When proposing potential ads at your startup, one of the first questions you’ll likely encounter is, “How much will this cost?” If you’ve prepared a killer startup marketing budget, you will be well-equipped to help executives understand and buy into your vision.
A marketing budget should detail how much you’ll spend on paid advertising, fit into your overall strategy, and prove a worthy expenditure based on revenue earned.
In a world where 82% of startups fail from cash flow problems, the stakes are higher for these new businesses. Startups often face limited resources and smaller budgets, making it difficult to stake claim to a marketing budget.
This post covers how to determine what your marketing budget should be and what it needs to include.
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Marketing Costs for a Startup
When your company is new, determining an initial marketing budget can be confusing. In some cases, budget decisions are top-down, inspired by competitors, or made by setting a goal.
If this isn’t the case for your startup’s operations, focus first on what will bring in the most revenue. Revenue determines what your marketing budget should be and where funds should be allocated.
Startup Marketing Budgets
Startup marketing budgets outline the money a new company intends to spend on marketing functions. Startups generally factor in key expenses in their budget, like advertising, content marketing, technology, and automation software.
The money gained from your gross revenue should fund your marketing budget. So, how much of your gross revenue will you need? The average marketing budget for startups should be 11.2% of overall revenue. This percentage gives marketers enough resources to build brand awareness and start attracting leads.
If you’re starting your budget from scratch, consider using a marketing budget template to outline your phase one marketing activities and costs.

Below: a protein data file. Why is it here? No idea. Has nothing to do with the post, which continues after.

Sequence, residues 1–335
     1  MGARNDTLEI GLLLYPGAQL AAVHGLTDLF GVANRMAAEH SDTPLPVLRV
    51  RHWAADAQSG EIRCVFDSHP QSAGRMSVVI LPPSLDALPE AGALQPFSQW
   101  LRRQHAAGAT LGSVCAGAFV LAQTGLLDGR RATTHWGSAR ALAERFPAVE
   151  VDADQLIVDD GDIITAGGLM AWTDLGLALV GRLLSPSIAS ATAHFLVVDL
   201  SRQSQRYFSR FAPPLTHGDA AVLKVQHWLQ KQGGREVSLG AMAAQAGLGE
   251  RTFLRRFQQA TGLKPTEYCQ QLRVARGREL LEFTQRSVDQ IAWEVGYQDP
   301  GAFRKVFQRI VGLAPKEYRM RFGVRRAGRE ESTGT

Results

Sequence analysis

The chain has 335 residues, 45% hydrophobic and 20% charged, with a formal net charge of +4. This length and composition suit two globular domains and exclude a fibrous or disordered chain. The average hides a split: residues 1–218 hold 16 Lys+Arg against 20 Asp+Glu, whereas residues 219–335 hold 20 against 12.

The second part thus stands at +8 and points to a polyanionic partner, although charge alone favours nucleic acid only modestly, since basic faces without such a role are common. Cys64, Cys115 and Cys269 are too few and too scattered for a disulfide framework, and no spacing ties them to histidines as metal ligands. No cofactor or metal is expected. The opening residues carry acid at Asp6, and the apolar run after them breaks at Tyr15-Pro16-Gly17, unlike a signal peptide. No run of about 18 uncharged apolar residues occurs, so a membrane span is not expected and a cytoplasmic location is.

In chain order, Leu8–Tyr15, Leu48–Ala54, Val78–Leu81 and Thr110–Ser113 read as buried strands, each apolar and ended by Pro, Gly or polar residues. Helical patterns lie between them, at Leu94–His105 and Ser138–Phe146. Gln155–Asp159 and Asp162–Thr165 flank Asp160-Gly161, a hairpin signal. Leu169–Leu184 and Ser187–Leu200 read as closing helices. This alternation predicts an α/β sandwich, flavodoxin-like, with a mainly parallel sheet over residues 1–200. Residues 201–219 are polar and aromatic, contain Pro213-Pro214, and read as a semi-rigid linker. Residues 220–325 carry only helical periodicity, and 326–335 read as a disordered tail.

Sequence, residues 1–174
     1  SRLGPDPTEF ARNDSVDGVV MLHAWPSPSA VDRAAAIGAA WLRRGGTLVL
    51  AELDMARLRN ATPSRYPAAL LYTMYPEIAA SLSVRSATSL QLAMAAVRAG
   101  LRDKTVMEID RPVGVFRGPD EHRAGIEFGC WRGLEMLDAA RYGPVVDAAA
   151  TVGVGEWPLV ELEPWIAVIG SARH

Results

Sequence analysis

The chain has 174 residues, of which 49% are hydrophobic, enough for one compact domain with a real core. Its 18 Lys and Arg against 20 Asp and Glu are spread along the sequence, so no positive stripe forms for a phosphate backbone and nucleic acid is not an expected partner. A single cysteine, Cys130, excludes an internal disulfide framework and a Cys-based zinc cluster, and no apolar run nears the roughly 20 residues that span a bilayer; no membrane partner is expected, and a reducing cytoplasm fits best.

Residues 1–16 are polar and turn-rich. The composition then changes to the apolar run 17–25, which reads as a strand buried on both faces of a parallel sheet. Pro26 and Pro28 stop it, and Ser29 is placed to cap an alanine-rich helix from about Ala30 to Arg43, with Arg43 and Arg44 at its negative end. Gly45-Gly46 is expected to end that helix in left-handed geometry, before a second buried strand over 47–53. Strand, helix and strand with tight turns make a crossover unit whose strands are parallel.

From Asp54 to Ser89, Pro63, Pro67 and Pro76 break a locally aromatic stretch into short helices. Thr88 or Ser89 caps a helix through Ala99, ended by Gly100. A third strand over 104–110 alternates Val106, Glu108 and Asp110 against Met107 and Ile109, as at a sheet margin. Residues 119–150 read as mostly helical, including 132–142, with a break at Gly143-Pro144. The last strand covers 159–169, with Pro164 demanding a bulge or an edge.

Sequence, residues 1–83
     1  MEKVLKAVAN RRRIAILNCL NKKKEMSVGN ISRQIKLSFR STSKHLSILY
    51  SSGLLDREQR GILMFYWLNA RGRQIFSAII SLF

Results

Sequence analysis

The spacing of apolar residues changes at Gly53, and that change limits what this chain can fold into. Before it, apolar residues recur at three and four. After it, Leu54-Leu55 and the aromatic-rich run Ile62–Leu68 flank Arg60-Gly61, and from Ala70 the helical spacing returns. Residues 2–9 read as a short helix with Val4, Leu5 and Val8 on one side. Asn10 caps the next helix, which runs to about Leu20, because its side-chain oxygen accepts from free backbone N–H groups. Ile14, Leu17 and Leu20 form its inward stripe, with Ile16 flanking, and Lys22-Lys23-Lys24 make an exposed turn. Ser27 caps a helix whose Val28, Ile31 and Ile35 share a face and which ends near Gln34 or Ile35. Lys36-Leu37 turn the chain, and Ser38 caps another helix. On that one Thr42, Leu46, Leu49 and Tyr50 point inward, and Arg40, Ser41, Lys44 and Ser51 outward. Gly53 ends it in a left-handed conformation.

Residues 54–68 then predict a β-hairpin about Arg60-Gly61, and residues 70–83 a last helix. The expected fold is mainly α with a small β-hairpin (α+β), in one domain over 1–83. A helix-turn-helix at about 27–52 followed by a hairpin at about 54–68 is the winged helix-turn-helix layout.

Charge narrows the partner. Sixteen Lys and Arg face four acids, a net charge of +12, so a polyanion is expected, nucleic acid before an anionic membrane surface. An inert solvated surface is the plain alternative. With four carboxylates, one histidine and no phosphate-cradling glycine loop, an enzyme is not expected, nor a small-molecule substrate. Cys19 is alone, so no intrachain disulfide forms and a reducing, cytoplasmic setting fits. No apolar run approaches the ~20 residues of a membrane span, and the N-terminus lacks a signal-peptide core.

Download Free Marketing Budget Templates
Marketing Budgets as a Percentage of Revenue
Gross revenue is your earned revenue before any deductions or wages. The estimated revenue is the number of earnings you expect to earn over a period of time. Generally, startups should spend around 11% of their revenue on marketing.
To identify your gross revenue, calculate your total number of sales/increases.
If you don’t have a gross revenue estimate yet, determine how much you are projecting to make and use those numbers as benchmarks. Explore tools to help you estimate your gross revenue, like this online calculator from the Small Business Association.
Now that you understand the first step to making a budget, explore other potential needs you may have.
Startup Marketing Budget Considerations
So, what do you need to include in your budget?
Once you have money earmarked, you can begin breaking down the costs. Think of what costs naturally occur in your day-to-day and what resources you’ll need to make your marketing happen.
You can put this information in a spreadsheet or template, like these free marketing offerings from HubSpot.There are no real rules with budget design, as long as it’s comprehensible and detailed enough to be useful.
Remember to consider the following expenses, such as:
- Technology. When you are creating campaigns, factor in the technology you need to use, such as software to build a product page or manage a drip program. There are lots of marketing tools at different price points (and even free software), so be sure to write out what software you’ll need to buy. Check out this blog to determine which products fit your budget.
- Research. If you haven’t yet discovered your target audience, you may need to invest in market research. Read the section “How to Write a Startup Marketing Budget” below for more info on market research.
- Automation. Services that automate marketing processes can make your life much easier. They can also be advantageous to startups that don’t have the resources to spend money on extra hands to complete projects.
- Production. If you need content pieces, product or advertisement videos, or pictures, you will want to budget for these items as well. Instead of paying for multiple different services, you could hire freelancers to fill these roles.
- Paid advertising. Are you planning to run ads on TV, radio, or online? This is the category where you factor in those costs. It’s easy for paid advertising to add up, with some startups spending as much as 20% of their yearly budget on advertising alone. Remember, you can estimate the cost of paid ads. Take a look at our advertising guide to explore prices on anything from PPC ads to social media ads.
- Branding. Assets that build a first impression directly impact your branding. This might include business cards, billboards, swag, and signs.
- Content marketing. Decide how much you’re going to allocate to deliverable content. Consider automation services, likeHubSpotorSprout Social, and content ideas you can produce organically for free.
- Traditional advertising. If applicable to your business, make traditional advertising a line item. Paid advertising usually occurs online, but traditional advertising refers to advertisements such as print and billboards.